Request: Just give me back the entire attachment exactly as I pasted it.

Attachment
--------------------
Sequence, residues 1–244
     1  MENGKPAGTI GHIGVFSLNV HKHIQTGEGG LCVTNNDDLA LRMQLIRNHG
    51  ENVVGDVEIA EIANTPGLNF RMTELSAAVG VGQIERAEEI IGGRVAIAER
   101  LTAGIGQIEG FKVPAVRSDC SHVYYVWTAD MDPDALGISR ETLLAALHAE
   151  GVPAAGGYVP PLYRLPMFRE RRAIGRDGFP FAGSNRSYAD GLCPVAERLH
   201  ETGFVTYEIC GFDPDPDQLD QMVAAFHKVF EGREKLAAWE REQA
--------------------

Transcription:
Sequence, residues 1–244
     1  MENGKPAGTI GHIGVFSLNV HKHIQTGEGG LCVTNNDDLA LRMQLIRNHG
    51  ENVVGDVEIA EIANTPGLNF RMTELSAAVG VGQIERAEEI IGGRVAIAER
   101  LTAGIGQIEG FKVPAVRSDC SHVYYVWTAD MDPDALGISR ETLLAALHAE
   151  GVPAAGGYVP PLYRLPMFRE RRAIGRDGFP FAGSNRSYAD GLCPVAERLH
   201  ETGFVTYEIC GFDPDPDQLD QMVAAFHKVF EGREKLAAWE REQA